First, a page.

Deborah Carr Ph.D.

Bouncing Back

How to Survive Mother’s Day When Your Mother Is Gone

How Mother's Day can help us to find happiness

Posted May 05, 2016

This Sunday, millions of Americans will show gratitude for their mothers -- with fragrant bouquets, Hallmark cards (because an e-card just won’t do), and lavish breakfasts. Mother’s Day, proclaimed a holiday by President Woodrow Wilson on May 9, 1914, is the day when we honor and celebrate the women who have supported, scolded, nurtured, and loved us. But for those whose mothers have died, the holiday is bittersweet, marked by fading memories, or musings about what “could have been…” if our mothers were still alive today.

For young and middle-aged adults, losing a mother is an exception rather than the rule. We’re roughly twice as likely to have lost a father as a mother. While motherless adults are relatively few, their experiences vary dramatically. Some lost their mothers unexpectedly, to a brain aneurysm or stroke, car accident, or even more tragically, to suicide or murder. For most, though, the death came at the end of a long chronic illness. Some watched their mothers valiantly struggle with the painful side effects of chemotherapy before succumbing to cancer. Some lost their “real” mothers months if not years prior to her death, as they watched their mom’s wit, intelligence or eloquence fade with the onset of Alzheimer’s. Others, still, watched their mother fight for every breath, as she staggered through the final stages of lung disease. Whether a mother’s death came suddenly or slowly, it’s never easy, although with time the sadness fades. Still, on Mother’s Day, pangs of bittersweet nostalgia can re-emerge, especially when TV commercials giddily remind you to buy your mother a new purse and your Facebook feed is filled with photos of friends’ Mother’s Day brunches.

So, how do you survive Mother’s Day, when your mom is no longer around?

Appreciate those things that would make your mom happy (and fix those things that wouldn’t). Parents want their children to be happy and safe, even if they’re no longer around to check up on us. Mother’s Day can be a time to take stock of all the things in your life that would make your mom happy – your loving marriage, satisfying career, or healthy children. Knowing that mom would be happy with our choices can be a source of solace and affirmation. At the same time, recognizing what’s going poorly might trigger productive changes. How would your mom react if she knew that you tolerated an unkind romantic partner or a miserable boss? Or if she worried aloud that you looked frail and anxious, due to your hectic work schedule? Feeling that your mom still has your back and “hearing” her words of wisdom may trigger healthy and necessary changes.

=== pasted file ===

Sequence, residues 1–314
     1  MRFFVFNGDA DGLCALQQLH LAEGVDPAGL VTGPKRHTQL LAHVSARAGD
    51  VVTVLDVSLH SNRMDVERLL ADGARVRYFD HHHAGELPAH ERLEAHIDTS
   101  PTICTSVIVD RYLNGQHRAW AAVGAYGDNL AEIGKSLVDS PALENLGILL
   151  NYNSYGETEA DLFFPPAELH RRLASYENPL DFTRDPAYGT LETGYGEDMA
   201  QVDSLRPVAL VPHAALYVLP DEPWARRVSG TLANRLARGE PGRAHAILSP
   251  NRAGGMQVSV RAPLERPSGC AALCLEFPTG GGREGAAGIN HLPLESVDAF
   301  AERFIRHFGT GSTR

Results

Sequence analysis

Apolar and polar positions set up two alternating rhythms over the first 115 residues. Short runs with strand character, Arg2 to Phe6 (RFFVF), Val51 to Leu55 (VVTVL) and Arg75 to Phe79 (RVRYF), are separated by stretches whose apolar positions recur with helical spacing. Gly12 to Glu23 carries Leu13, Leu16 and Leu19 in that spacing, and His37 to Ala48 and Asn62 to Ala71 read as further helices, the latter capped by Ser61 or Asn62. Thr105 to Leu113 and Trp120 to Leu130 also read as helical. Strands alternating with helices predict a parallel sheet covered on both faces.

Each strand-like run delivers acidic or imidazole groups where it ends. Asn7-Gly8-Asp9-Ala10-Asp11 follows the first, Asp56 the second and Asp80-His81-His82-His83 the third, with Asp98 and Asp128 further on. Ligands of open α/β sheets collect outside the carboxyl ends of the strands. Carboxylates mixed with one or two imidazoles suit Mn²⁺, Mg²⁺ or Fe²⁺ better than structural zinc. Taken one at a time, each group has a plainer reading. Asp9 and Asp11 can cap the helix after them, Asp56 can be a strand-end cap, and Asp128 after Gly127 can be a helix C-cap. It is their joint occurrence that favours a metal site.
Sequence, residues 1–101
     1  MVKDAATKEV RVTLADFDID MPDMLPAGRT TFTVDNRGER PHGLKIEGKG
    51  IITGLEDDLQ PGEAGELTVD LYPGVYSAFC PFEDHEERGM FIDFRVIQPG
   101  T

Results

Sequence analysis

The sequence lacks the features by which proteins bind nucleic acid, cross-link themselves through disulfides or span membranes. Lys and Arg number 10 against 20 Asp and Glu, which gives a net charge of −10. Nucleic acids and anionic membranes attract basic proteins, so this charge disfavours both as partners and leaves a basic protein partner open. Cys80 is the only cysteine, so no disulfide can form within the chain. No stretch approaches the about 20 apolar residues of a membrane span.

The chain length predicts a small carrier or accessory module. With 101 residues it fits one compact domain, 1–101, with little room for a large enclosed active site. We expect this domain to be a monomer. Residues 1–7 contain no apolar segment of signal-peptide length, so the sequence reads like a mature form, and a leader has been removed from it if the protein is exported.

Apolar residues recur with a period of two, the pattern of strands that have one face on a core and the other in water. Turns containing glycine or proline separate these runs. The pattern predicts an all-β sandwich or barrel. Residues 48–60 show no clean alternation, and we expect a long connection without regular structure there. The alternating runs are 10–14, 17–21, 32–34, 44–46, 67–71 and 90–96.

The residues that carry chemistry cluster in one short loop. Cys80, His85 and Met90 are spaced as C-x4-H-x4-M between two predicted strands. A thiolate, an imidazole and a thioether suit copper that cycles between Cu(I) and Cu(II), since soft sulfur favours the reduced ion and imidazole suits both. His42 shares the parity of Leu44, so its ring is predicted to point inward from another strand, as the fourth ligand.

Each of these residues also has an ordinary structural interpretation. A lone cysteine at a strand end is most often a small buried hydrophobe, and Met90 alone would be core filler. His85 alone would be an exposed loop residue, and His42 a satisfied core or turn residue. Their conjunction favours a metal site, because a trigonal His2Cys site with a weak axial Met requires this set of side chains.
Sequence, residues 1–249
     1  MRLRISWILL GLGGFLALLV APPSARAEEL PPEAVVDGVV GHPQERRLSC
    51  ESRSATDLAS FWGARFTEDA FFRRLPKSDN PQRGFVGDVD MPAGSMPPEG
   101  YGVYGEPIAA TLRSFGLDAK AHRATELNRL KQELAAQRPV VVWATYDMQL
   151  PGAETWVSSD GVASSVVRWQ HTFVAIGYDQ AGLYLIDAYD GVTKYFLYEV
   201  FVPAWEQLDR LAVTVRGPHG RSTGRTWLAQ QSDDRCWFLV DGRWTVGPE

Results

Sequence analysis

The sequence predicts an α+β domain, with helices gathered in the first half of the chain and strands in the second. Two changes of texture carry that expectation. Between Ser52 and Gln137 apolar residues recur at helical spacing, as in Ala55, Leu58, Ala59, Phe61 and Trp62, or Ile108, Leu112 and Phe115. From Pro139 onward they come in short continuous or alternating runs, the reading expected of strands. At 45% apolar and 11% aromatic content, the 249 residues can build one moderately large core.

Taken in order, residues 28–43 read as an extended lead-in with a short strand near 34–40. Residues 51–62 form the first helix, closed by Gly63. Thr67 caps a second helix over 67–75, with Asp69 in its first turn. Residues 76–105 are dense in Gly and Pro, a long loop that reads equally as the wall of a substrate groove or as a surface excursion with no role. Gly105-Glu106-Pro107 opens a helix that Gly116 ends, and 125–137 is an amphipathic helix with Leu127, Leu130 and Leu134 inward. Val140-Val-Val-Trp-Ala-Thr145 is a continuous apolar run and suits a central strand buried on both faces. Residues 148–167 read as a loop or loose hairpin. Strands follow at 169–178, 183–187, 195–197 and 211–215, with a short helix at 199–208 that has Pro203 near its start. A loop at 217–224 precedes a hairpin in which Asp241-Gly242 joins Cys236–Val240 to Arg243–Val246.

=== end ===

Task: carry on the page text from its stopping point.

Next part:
Enjoy time with your siblings: your mom would be pleased. One thing I’ve learned as both a bereavement researcher and as an adult whose parents died before their time is this: parents want to know that when they leave this planet, their children will still be close. Pick up a phone and call your siblings. If you live near each other, have dinner at your mom’s favorite restaurant and celebrate as if she were still with you. Or, use Mother’s Day as a time to plan a summer outing where all the siblings get together. Life gets busy and it’s hard to squeeze in time for siblings, but you’ll be glad you did. And your mom would be, too.

Celebrate the other moms in your life. Most of us have ‘mother-like’ figures in our life whom we cherish. Take the opportunity to extend gratitude and appreciation to the aunt, mother-in-law, older sister, or even a workplace mentor who helped you to become who you are today.

Remember that Mother’s Day is just a day, but your mom stays with you for life. Mother’s Day comes just once a year, but memories of our mothers are with us all the time. For most of us, a day doesn’t go by when we don’t think of our late mothers, if even for a moment. Remembering to text a loved one when our airplane lands safely, just to let them know we “made it home alive.” A fondness for Jeopardy.  The deeply-held belief that a chicken dinner can cure all ills. That’s not just us – that’s our moms. We’re not clinging to the past when we think or talk about a parent who has passed. Bereavement researchers emphasize the importance of “continuing bonds” with our deceased loved ones. Thinking about how they might advise us when we’re faced with a challenge, or musing over how proud they would have been of our latest accomplishment are mental exercises that can make us feel better and connect us to the past in healthy ways year-round.

And how can you support friends, for whom holiday mimosas with mom are a thing of the past?

Ask questions about her. We’re often hesitant to ask our friends and family members about loved ones who have died. We worry that we’ll upset them. But nothing could be further from the truth. Bereaved people are eager to talk about their deceased relatives, and genuinely appreciate the opportunity to swap stories. They want to share their memories, their funny anecdotes, or even recount the details of her death – trying to make sense of what happened on that fateful day. Providing an opportunity to talk about the moms who are no longer with us can be cathartic for the survivor.

Share your own stories and memories. Children love hearing stories and discovering what their parents were like when they were young. We pore over old family photos and chuckle at the hairdos in old high school yearbook portraits, because we want to know “who was Mom before she was my Mom?” If you have stories or memories of your friend’s late mom, share them! An amusing new tidbit or never before-seen-photo may be the best gift you can give your friend - -a new glimpse into the woman who made them who they are today.